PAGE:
Atmel Studio is a great tool to introduce yourself or trainees to AVR world. It can even be a production tool ; it is designed to. But it drains the cons and limitation of Microsoft * Studio tools.

To someone who likes the Great Way of UNIX (to unflod this expression, please read : Master’s Foo enlightenments), and since the compiler used under Atmel Studio is GCC anyway ; it’s a great temptation to wipe this out, reboot a GNU/linux (or your favorite free OS) and use “directly” avr-gcc and avr-gdb tools.


The Quest for an AVR simulator

Do you really need a dragon ?

54_6Just a word on words…

In this post, I will often use the term simulator, as does most litterature on this topic, where the term emulator, In My Humble Opinion, should rather be used. It is because we are at a border, between pure software emulation, and electrical simulation of a board. To pass through this border, the boolean state of some bit should become a modelized electrical state of a pin.

But, AVR simulator are mainly “simulating” boolean states, using a discrete time model…

On this point, I apologize in advance for any lexical inconvience.

The concerns

When I started my try to implement a thread scheduler for 8bit AVR, and for another project after that, it quickly became an essential urge to setup a step-by-step debugger, and rather using an emulation tool :

Step-by-step Debugger :

  1. to grant fine control on program execution flow, dumping device state (memory and registers),

Emulator :

  1. to avoid flashing many times physical device with buggy-work-in-progess code,
  2. spare money of buying an AVR dragon (which allows OnChip Debugging of a physical device using avr-gdb),
  3. Use a computer, nothing more needed (AVR thread scheduling, at this step, is still at a purely theorical stage — no need to imply physical devices for now).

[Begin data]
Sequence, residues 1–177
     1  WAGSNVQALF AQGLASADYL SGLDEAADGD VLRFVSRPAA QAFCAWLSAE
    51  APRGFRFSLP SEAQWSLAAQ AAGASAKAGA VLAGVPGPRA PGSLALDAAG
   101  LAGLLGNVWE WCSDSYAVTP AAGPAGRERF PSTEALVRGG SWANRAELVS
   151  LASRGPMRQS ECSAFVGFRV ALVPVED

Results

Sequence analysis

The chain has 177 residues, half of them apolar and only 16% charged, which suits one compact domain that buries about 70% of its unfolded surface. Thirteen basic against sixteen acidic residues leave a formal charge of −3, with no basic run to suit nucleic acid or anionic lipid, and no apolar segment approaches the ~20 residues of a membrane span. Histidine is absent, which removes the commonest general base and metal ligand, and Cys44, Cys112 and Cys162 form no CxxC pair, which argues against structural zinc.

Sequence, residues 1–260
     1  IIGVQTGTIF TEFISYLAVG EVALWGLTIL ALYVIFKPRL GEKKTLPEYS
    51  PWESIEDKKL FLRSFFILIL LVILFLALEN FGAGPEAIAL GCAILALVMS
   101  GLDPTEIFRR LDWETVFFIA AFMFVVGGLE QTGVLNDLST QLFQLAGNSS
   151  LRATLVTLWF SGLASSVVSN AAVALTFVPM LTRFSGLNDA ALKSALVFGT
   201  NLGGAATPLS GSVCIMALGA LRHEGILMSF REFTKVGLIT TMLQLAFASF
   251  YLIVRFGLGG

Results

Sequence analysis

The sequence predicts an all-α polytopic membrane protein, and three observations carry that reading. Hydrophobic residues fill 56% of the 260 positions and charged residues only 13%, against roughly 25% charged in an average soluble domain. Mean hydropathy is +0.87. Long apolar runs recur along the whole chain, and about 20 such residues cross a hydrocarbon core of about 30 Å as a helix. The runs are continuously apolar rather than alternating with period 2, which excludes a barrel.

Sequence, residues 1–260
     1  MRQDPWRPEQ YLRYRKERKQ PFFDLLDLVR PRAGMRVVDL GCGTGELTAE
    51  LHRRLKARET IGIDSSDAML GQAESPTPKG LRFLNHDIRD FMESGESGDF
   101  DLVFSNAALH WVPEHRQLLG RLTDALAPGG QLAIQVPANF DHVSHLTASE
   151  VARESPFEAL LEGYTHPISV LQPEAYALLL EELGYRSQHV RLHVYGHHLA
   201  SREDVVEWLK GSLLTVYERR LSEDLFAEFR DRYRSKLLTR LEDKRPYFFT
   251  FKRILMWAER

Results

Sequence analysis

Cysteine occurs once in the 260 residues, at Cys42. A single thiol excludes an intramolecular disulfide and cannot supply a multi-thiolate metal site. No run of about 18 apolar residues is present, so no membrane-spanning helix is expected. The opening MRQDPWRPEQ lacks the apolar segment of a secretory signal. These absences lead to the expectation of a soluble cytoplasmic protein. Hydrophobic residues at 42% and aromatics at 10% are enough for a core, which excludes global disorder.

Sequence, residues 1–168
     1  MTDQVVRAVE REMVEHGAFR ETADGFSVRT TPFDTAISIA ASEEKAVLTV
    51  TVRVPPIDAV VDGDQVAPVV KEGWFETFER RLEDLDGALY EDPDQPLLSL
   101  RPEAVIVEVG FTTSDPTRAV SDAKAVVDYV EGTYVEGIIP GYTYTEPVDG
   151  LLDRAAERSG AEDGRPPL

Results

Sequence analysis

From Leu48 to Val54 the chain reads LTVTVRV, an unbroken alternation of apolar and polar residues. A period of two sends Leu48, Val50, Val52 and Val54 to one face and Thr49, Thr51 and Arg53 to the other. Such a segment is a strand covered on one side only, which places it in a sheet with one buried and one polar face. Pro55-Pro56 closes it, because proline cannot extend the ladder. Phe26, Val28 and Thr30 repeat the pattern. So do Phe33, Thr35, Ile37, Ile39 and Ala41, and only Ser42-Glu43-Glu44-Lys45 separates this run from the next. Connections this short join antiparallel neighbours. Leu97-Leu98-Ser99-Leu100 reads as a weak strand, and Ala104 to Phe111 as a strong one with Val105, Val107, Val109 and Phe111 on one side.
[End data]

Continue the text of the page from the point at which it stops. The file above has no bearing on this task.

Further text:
Browsing for it on the Web

Here is a merely complete state of the art on this topic. Ask on freenode’s #avr, if you want, I or any guy there should answer the same…

  1. Atmel Studio : it’s a proprietary tool, published by Atmel. It includes a simulator, and a debugger. The customised GUI allows to display any register or memory map, where each modified byte is highlighted. Sadly, it is runs only under windows, since build on Visual Studio. A shame, knowing that underling compiling toolchain is GCC anyway…
  2. SimulAVR : an OSS tool written in C++, and packaged as a simulator executable, but providing a really awesome framework.
    • Tcl and Python bindings are available.
    • Repository is available on github (I appreciated to be able to fork it in one click to start to integrate one or two modifs/fixes in my own repo),
    • It is designed to be interfaced with avr-gdb. ;
    • It allows dumping trace of the execution (as a sequencial log of instruction), but also VCD files usable with gtkwave,
    • For the record, Arch user, PKGBUILD is not in the AUR, but easily foundable on the web.
  3. simavr : Another awesome OSS project, written in C. It provides mainly the same features that simulAVR, but :

    • It comes with a collection of directives defined as macro to specify simulation parameters directly into an ELF custom section,
    • It is written in C. The code is awesomly clean,
    • It is integrated in Arch Linux as a Community package.
  4. AVRora : Crossed this one during my quest, but I don’t like this project : it is stalled since 12/2008, it seems to be wrtten in Java. But as existing, it is worth to quoted, and maybe to play with a bit.